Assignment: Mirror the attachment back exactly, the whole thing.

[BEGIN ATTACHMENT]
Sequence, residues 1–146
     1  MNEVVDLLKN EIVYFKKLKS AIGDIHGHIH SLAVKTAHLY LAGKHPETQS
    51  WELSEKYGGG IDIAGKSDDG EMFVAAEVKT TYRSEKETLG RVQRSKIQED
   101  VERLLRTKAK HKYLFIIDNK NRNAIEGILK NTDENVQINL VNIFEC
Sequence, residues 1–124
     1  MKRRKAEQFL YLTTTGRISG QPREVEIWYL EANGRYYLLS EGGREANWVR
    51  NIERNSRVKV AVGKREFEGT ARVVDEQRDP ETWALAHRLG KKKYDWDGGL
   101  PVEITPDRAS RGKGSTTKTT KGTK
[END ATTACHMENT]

Sequence, residues 1–146
     1  MNEVVDLLKN EIVYFKKLKS AIGDIHGHIH SLAVKTAHLY LAGKHPETQS
    51  WELSEKYGGG IDIAGKSDDG EMFVAAEVKT TYRSEKETLG RVQRSKIQED
   101  VERLLRTKAK HKYLFIIDNK NRNAIEGILK NTDENVQINL VNIFEC
Sequence, residues 1–124
     1  MKRRKAEQFL YLTTTGRISG QPREVEIWYL EANGRYYLLS EGGREANWVR
    51  NIERNSRVKV AVGKREFEGT ARVVDEQRDP ETWALAHRLG KKKYDWDGGL
   101  PVEITPDRAS RGKGSTTKTT KGTK